Continue reading “Critique of NC medical marijuana bill, SB 711”

State residency requirements for cannabis sellers aren’t working

Washington State is trying to let only Washington residents sell cannabis.  That’s not holding up.

My friend Crystal Oliver of the Washington Sungrowers Industry Association writes:

We have our own case winding it’s way through the courts: 

They’ve not been able to actually enforce this in WA practically speaking. These [out-of-state] interests just own all the real estate, equipment, and intellectual property of the marijuana business and get paid that way. 

Right now the WA ban on out of state ownership & investment just creates a situation where only those with well-paid, slick attorneys get out of state investment. 

The trickle-down hope for cannabis social equity licenses — Dan Riffle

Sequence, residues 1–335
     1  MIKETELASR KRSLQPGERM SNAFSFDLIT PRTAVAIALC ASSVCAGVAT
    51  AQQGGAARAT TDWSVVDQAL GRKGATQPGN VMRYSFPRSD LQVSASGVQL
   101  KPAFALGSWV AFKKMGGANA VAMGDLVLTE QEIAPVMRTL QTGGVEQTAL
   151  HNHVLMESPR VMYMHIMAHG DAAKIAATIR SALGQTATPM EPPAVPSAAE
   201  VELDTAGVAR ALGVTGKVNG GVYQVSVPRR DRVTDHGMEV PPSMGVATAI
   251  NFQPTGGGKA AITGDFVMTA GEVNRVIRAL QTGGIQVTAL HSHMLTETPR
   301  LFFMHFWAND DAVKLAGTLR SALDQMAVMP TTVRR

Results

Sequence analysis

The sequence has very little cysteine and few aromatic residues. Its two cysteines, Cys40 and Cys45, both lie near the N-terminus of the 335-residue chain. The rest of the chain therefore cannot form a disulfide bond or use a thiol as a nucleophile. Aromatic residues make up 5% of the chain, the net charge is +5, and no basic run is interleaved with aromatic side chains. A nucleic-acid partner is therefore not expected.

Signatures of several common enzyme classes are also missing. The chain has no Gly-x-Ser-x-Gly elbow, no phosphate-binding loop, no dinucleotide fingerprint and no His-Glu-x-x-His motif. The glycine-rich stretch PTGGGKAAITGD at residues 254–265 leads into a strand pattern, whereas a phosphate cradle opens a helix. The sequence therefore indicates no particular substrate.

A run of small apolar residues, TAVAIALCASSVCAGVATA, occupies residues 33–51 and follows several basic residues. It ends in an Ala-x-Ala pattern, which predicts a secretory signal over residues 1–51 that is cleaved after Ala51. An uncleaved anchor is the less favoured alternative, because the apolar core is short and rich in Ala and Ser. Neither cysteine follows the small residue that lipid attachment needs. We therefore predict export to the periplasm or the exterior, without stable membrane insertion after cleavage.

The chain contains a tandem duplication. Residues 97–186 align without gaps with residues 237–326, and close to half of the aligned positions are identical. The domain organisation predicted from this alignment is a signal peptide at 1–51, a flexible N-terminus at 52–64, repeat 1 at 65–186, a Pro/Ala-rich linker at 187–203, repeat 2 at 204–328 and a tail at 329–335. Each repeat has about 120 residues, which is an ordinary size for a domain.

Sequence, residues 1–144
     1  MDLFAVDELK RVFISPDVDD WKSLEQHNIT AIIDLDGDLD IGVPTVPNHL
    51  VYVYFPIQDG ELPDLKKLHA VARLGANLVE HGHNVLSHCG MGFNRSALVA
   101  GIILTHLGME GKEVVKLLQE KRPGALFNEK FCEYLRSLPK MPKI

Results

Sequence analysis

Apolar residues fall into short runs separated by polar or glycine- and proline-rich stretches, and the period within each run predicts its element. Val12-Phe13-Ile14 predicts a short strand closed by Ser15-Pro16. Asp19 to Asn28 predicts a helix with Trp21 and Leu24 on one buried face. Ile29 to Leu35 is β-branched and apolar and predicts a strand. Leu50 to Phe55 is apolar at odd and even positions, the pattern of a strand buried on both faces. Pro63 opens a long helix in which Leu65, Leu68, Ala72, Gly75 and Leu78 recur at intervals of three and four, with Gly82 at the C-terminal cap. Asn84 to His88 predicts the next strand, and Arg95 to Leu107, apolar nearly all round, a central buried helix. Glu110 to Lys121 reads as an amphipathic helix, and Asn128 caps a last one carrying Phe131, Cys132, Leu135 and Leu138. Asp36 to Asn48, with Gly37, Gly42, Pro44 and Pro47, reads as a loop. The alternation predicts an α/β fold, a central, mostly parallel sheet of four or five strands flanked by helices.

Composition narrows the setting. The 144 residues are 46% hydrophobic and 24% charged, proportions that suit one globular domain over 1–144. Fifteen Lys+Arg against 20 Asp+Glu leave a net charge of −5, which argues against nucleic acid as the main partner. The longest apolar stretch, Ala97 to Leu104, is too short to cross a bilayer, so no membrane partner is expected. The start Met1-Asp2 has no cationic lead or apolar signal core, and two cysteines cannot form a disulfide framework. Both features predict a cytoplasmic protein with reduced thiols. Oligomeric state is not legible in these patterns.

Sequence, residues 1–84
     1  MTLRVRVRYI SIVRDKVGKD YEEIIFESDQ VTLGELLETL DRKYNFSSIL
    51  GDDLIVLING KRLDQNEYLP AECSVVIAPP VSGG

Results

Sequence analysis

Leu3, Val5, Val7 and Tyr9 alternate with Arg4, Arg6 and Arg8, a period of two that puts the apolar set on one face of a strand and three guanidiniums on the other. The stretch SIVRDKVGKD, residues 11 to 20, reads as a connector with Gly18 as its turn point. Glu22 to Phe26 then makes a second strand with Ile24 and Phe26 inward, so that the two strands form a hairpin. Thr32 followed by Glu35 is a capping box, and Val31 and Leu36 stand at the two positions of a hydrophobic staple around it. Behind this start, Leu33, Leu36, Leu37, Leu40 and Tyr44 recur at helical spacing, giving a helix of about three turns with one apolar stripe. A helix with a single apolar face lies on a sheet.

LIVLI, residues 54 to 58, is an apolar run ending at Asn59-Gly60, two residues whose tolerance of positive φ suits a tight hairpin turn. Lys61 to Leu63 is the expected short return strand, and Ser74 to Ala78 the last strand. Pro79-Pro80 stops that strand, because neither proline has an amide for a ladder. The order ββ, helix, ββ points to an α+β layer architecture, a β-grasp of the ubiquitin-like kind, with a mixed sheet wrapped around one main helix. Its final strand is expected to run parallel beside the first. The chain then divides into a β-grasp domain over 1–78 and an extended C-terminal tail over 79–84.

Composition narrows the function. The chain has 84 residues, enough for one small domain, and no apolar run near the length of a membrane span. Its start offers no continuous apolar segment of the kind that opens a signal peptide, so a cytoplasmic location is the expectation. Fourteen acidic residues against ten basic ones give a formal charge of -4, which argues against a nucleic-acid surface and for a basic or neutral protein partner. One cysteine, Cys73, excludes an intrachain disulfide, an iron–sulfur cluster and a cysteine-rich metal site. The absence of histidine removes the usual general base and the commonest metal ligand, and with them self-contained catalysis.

My friend Dan Riffle, former staffer for the Marijuana Policy Project and for Alexandria Ocasio-Cortez and who now works for the District of Columbia, says this:

“And you know if your view of wealth inequality, if your view of you know fortune 500 company CEOs and the problems that they pose is that there’s too many white men, which is definitely a problem, if that’s your only view of the problem, then maybe that’s a good solution to you to have you know four or five more millionaire billionaire minority applicants.” 

Trickle-down economics are not the only problem that social equity license plans face.  Other problems include phony licensees pretending to be deserving, and the competition that actual deserving licensees face from well-funded licensees. 

Here’s the transcription. 

Continue reading “The trickle-down hope for cannabis social equity licenses — Dan Riffle”